Wisconsin family grieving after hospital loses deceased loved one's personal effects

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WAUKESHA, Wis. (CBS 58) -- A Wisconsin family grieving the loss of a loved one says the hospital where she died lost all her personal effects.

They say the headache is adding to their pain, and they want to warn other families to be prepared.

Pam Hart's family has struggled to process and grieve her death, which came quickly a few weeks ago due to COVID-19. But now they're facing another type of loss: her credit cards, bank accounts, passwords, and jewelry.

Marilyn Schultz is Pam Hart's sister. She said, "So her complete identity is missing."

It wasn't supposed to end up like this when Pam went to the hospital November 2.

Her husband Terry Hart said, "She was not feeling good. And that there and she was having a little trouble breathing and stuff because she's got COPD."

Terry took her to emergency care in Mukwonago. She was diagnosed with COVIID-19, transferred to Waukesha Memorial Hospital, and over the next few weeks her condition worsened.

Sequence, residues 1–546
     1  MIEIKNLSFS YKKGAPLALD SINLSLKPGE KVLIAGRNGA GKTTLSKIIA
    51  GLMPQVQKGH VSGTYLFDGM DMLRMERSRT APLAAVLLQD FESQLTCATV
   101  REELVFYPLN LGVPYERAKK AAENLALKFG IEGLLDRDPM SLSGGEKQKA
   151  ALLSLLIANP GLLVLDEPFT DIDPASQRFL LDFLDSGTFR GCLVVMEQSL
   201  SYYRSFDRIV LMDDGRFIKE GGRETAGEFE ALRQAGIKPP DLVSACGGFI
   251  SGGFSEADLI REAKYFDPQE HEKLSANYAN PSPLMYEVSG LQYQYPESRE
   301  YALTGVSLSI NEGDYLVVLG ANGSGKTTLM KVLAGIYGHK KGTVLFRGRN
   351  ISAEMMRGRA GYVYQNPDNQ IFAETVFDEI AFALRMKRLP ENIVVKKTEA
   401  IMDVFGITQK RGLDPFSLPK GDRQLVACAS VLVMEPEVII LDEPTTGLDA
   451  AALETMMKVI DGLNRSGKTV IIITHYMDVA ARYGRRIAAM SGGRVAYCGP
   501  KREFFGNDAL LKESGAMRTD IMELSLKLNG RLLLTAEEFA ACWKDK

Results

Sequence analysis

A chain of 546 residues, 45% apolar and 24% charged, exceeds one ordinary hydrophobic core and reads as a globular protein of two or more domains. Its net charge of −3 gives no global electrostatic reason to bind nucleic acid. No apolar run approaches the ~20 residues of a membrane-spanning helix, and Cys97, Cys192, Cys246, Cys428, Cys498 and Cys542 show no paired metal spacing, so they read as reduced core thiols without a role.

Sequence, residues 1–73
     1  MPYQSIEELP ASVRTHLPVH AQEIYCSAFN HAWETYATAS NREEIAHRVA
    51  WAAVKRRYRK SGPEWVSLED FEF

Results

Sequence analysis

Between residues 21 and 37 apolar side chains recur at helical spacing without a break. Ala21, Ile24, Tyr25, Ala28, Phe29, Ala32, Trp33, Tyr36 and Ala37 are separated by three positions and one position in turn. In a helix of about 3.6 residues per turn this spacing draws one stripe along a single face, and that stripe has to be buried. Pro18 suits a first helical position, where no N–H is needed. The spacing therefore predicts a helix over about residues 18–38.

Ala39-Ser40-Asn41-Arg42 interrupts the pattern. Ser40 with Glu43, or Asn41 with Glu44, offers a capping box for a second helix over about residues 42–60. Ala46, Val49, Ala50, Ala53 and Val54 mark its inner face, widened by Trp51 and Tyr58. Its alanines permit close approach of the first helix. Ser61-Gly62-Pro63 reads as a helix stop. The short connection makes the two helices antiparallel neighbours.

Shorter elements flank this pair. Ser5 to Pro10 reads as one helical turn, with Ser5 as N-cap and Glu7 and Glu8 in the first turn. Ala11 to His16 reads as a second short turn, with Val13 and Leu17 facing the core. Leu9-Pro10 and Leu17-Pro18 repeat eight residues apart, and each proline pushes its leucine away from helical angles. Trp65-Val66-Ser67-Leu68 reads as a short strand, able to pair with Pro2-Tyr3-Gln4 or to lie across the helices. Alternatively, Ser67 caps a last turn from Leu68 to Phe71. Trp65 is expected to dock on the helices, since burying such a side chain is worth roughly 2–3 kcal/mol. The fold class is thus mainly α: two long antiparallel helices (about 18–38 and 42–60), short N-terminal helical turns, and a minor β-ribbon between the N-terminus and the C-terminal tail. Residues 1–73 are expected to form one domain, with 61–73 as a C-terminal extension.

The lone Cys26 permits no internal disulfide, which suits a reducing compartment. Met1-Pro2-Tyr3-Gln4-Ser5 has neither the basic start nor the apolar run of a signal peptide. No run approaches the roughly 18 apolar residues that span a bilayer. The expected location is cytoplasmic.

Marilyn said, "There was never a place where we could see her eyes open and look at us."

Marilyn remembered Pam as, "She was my big sister, my best friend, my confidant. I miss every moment of not being with her"

As Pam died, another problem arose: the hospital could not locate her personal items. Her clothes, jewelry, credit cards, and medical information were all gone.

After pam died, Marilyn met with the hospital's security department. She said, "They told us after doing their investigation and speaking with all the different people who handled Pam's things they've come to the conclusion that it was mistaken is trash and thrown out in the trash."

The family is not satisfied with the explanation. Terry said, "They said 'it's not our responsibility to take care of people's personal property.'"

Marilyn says the hospital has offered to pay back the couple hundred dollars cash that was lost. But the family says it's too late to make things right, so they want to warn other families. Terry said, "She's not there to say goodnight to and give her a kiss and stuff. There's nothing."

ProHealth Care, which runs Waukesha Memorial Hospital, would not comment on this specific case. But a spokesperson sent this statement: "On occasion we will hear from a patient or family about lost belongings. When we receive such a report, we do everything we can to work with the patient and family members to find what was lost."

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